“For years, the RTMC has compared unconfirmed figures were compared with confirmed figures, resulting in a flattering, but inaccurate picture of road safety. In its latest release, however, the RTMC has clearly stated whether figures were confirmed or unconfirmed, ie., whether they excluded as-yet uncaptured fatalities,” he said. “They have also clarified that they have moved to the international standard under which a traffic fatality is deemed to have occurred up to 30 days after a crash, rather than the previous seven days,” he added.
He described these as positive moves and said that the RTMC seemed to have realised that there was no profit in misleading comparisons. “We cannot do something about road safety unless it is accurately measured and reported – only then will we know if our interventions have been effective or not,” he commented.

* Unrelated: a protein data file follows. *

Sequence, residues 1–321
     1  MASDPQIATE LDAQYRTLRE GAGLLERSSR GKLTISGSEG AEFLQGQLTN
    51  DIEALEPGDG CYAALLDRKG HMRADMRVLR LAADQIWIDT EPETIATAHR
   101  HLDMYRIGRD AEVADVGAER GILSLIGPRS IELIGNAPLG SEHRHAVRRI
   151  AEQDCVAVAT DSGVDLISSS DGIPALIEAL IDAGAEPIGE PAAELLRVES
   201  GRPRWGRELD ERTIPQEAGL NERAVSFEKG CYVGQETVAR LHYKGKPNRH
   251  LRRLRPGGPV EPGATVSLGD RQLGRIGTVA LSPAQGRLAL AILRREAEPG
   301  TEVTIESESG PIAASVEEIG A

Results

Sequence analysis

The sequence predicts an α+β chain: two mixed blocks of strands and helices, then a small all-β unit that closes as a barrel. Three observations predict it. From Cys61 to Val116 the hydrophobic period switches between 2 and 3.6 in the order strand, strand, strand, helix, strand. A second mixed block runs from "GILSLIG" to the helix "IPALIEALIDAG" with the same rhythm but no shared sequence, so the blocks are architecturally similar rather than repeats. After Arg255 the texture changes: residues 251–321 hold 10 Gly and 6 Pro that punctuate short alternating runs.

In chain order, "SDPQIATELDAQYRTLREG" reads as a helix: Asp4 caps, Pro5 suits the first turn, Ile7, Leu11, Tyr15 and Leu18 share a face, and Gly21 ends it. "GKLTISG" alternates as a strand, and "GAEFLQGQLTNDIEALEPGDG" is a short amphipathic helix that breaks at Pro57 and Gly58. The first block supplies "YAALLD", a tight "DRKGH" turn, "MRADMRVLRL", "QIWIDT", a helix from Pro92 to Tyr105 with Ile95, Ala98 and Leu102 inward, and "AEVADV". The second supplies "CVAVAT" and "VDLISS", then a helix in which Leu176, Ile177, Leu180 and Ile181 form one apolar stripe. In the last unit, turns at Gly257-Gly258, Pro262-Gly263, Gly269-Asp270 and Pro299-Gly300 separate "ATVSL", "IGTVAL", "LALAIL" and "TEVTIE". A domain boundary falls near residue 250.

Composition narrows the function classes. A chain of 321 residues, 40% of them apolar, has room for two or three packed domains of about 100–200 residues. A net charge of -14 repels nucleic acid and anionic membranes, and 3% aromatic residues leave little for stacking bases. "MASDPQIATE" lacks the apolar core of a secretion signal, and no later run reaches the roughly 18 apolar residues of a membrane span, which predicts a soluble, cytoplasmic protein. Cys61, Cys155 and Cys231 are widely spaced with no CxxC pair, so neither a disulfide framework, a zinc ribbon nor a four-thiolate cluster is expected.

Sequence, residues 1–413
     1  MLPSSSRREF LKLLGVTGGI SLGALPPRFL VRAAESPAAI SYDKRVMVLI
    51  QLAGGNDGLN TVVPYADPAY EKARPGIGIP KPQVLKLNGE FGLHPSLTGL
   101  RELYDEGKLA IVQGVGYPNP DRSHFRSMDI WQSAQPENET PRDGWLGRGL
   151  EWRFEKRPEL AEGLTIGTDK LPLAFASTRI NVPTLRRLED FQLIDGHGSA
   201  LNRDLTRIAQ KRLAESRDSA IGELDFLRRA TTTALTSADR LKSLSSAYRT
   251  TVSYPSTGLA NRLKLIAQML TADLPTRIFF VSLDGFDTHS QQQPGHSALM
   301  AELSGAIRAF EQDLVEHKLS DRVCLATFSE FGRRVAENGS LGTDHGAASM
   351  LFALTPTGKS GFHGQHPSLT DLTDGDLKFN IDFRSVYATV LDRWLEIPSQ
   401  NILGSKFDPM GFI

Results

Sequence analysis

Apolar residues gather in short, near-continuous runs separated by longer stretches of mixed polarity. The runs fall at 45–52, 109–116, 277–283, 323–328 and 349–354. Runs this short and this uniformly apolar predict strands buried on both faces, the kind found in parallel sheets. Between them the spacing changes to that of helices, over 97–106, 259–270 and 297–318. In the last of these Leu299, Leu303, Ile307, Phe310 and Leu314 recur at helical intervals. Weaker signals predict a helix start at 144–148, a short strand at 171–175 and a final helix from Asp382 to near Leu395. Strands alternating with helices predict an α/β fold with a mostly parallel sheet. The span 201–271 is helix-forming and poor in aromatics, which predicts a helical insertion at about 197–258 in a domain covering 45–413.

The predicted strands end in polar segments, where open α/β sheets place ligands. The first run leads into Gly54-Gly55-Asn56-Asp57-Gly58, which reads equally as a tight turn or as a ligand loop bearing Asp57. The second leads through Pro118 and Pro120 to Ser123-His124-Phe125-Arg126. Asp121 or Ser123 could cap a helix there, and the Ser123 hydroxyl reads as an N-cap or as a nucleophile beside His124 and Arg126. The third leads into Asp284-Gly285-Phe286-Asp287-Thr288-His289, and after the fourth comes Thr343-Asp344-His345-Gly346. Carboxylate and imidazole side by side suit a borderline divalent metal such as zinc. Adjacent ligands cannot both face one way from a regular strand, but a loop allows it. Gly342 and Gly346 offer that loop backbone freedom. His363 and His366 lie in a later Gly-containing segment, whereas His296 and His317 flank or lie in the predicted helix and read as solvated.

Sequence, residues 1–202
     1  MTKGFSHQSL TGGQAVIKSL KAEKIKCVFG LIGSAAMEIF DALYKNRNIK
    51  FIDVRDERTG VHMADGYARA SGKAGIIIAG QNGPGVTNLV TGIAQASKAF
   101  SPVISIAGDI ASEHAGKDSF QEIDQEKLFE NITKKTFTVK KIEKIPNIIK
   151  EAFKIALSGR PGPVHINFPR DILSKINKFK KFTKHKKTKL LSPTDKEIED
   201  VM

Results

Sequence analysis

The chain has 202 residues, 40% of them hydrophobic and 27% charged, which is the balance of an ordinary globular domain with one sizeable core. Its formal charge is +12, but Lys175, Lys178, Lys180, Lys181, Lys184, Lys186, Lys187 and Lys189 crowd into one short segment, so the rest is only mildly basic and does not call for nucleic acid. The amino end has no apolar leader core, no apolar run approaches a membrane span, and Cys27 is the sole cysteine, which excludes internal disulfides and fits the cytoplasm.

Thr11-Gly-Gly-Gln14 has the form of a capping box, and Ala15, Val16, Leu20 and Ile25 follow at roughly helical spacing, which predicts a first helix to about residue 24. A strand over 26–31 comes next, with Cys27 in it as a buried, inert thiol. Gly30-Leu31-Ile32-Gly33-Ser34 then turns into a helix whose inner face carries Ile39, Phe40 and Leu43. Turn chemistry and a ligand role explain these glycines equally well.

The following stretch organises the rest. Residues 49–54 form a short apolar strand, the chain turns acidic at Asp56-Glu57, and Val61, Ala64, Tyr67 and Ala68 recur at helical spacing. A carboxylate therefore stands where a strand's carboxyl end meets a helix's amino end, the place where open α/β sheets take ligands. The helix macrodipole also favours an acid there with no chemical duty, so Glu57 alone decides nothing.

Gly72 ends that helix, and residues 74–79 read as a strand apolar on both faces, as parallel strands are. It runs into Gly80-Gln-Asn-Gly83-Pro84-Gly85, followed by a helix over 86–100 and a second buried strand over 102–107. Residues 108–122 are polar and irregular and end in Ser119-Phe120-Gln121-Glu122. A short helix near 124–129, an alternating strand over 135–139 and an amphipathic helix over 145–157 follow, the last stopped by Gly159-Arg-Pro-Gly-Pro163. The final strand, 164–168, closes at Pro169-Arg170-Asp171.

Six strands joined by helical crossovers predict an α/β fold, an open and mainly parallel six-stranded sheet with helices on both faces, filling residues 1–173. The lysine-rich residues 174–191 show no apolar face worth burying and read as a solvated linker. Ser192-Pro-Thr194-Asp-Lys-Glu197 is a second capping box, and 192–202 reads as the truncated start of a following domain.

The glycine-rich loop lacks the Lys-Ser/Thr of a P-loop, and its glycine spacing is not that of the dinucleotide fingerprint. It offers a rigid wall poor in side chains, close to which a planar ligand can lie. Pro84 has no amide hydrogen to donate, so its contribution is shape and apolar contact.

“Having said that though, the actual figures are dire and the December 2010 to January 2011 holiday season is shaping up to be one of the worst ever. Already, 1358 deaths have occurred, and that figure has yet to be finalised, meaning it’s likely to rise substantially,” said Handfield – Jones. He said that the unconfirmed death toll for the equivalent period in the 2009 / 2010 holiday season was 1050. “This means deaths are up by a whopping 29% so far. That’s a catastrophe.”
He said that finalised direct comparisons with last year will depend on whether the RTMC issues a final confirmed death-toll based on the seven-day period as well as the 30-day period. “It’s inevitable that the move to the 30-day period will inflate the death toll, but that does not account for the 29% jump in unconfirmed numbers we’re currently seeing,” he added. “Now that the RTMC has improved its year-on-year comparisons of road deaths, it needs to turn its attention to saving lives. The much-vaunted National Rolling Enforcement Plan is clearly not working and urgent measures need to be taken to get road deaths under control,” he concluded.